Yesterday I felt so rewarded for persevering in trying to get to the top of Cantata peak. I have made three prior attempts and have always gotten shut down by no visibility and combination's of rain and snow. To me its not really a peak I want to do in bad weather, there is a certain amount of route finding and the ability to retrace the route seems important. Plus I mainly hike for the views, and all that effort to look at whiteness is super unappealing.
Its about a 5.5 mile approach to get to the end of Eagle and Symphony lakes, and then the uphill going begins. The views of the lakes and surrounding mountains truly can be described as magnificent.
Doug and Robin with Symphony Lake Below (Eagle is barely visible)
The route up is pretty straight forward in good weather until you get to the actual peak. Its pretty funny that after about 7 miles and a 3,000 ft gain that the ascent truly begins. This peak reminds me of the mountains of Mordor, craggy, steep, loose and seemingly impenetrable. Only until your in the thick of it did the route reveal itself, and even then a little looking around was completely necessary.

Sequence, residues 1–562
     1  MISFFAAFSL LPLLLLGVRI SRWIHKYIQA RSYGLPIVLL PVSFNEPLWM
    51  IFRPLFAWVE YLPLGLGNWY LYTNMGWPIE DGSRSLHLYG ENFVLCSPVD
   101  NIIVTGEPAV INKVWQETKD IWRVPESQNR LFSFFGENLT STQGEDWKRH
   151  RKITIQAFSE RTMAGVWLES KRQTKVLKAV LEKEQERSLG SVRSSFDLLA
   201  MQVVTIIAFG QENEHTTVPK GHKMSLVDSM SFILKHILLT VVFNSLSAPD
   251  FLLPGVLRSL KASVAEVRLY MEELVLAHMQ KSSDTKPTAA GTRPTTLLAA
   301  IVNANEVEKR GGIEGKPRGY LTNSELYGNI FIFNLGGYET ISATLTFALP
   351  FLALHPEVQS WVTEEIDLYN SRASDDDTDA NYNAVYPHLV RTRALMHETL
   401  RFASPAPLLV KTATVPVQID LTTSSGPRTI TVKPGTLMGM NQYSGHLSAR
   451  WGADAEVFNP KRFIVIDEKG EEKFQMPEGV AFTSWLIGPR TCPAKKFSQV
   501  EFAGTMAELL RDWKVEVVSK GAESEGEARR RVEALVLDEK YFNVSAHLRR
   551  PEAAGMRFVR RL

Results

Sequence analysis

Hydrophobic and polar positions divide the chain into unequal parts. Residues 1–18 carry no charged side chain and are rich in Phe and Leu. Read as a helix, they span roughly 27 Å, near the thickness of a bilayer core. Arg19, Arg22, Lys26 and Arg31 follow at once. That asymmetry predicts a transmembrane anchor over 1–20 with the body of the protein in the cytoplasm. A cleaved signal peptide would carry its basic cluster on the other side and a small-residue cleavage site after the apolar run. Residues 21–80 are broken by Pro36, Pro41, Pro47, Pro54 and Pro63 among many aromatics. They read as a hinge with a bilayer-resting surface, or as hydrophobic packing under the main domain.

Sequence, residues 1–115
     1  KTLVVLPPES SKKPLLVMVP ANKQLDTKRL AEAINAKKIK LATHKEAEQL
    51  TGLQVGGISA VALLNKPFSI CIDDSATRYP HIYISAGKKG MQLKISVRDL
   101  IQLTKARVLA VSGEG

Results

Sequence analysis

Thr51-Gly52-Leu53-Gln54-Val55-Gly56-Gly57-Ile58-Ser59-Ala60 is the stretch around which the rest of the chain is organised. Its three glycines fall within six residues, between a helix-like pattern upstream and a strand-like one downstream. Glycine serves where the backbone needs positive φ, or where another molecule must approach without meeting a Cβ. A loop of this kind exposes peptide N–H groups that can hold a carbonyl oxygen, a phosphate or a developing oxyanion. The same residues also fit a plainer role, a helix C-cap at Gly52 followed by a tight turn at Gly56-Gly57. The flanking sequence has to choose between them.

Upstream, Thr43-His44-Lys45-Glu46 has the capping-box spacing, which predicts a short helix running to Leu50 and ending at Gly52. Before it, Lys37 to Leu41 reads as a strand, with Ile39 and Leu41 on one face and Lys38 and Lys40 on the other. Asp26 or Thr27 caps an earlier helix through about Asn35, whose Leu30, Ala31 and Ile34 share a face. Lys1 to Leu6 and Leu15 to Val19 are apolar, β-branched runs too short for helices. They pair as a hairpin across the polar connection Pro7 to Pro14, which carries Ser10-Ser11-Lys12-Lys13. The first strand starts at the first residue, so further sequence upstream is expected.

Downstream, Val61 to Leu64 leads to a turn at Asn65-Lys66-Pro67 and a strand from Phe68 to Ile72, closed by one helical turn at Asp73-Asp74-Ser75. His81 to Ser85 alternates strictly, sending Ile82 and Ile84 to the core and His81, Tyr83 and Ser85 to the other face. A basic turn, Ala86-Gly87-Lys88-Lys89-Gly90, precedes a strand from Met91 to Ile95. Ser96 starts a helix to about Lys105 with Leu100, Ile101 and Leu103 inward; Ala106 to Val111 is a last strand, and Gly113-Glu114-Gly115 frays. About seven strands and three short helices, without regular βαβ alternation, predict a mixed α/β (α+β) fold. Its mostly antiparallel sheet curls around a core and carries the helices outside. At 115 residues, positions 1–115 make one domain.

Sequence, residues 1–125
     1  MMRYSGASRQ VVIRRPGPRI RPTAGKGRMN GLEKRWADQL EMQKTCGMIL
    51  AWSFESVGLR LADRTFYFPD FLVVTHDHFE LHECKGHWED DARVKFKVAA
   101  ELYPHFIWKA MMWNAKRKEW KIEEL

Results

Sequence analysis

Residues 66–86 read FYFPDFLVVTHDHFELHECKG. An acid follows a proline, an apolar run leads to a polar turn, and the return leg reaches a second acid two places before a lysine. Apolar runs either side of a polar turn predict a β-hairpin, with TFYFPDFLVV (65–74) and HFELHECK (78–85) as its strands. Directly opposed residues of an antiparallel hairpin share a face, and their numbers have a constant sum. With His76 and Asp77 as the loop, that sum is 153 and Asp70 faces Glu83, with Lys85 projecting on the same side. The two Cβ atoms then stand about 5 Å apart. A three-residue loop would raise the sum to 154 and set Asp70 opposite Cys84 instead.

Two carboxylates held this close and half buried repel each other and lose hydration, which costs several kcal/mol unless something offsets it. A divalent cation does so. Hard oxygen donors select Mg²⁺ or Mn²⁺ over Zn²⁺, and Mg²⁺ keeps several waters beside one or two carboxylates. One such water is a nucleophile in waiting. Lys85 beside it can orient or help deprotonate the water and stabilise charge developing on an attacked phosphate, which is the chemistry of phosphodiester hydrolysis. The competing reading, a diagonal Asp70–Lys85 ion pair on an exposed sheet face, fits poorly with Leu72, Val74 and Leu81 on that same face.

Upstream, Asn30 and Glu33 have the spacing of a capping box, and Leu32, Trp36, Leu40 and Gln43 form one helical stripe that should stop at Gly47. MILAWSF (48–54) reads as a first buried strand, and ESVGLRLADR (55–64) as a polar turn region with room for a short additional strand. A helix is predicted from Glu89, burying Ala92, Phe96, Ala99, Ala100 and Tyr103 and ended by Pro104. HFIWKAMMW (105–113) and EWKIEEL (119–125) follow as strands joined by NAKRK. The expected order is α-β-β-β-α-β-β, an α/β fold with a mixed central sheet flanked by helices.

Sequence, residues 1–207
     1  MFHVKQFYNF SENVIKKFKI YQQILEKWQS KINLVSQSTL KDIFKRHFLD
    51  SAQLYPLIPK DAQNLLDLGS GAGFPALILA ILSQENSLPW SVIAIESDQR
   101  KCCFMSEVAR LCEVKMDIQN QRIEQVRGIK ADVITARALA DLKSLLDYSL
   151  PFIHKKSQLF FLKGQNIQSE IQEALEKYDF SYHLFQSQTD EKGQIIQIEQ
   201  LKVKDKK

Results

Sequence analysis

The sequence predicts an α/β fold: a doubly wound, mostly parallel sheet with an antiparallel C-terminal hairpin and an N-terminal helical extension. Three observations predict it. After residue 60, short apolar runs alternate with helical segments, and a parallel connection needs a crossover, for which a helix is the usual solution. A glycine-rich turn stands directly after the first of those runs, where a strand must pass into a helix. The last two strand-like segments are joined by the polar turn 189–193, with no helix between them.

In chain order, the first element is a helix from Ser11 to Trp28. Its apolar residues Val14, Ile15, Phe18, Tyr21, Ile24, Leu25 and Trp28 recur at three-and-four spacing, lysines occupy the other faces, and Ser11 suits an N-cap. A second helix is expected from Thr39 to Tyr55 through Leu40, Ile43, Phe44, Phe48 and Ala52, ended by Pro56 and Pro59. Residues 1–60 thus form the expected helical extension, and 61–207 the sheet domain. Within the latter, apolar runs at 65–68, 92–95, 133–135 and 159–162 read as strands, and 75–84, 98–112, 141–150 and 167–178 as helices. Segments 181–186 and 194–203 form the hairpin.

Doug on the Black Shale Ridge
The left side of the ridge dropped pretty precipitously, and to say the trundling was fun is an understatement.
Robin and Doug Looking off the Edge
The hiking was steep and scrambly, but never unreasonable. Spots that were sketchy could be managed by taking another route. There was no snow on the south side of the peak and we were glad we left the tools, and crampons in the car.
We easily spent 45 minutes on the windless summit sitting in the sun and taking pictures. It was pretty awesome to see the entire length of the Indian to Arctic valley (I've ski slogged it a couple times). We could also see part of Turnagain arm, Denali, and out towards Marcus Baker. Outside of the haze, there was nothing obstructing the views.
It was still hot and sunny by the time we got back to the lowlands so we stopped for a foot soak in a pond...for Doug and Robin this turned into a body soak in the cool water....I couldn't stomach the thought of wet underwear and shoes.....
Doug in the Little Pond
I don't usually have a weight complex, its usually a matter of relativity, but yesterday I went out with two super micro people. I felt like a big fat bear, still fast and effective but large and lumbering next to these no-fat, lean little gazelles.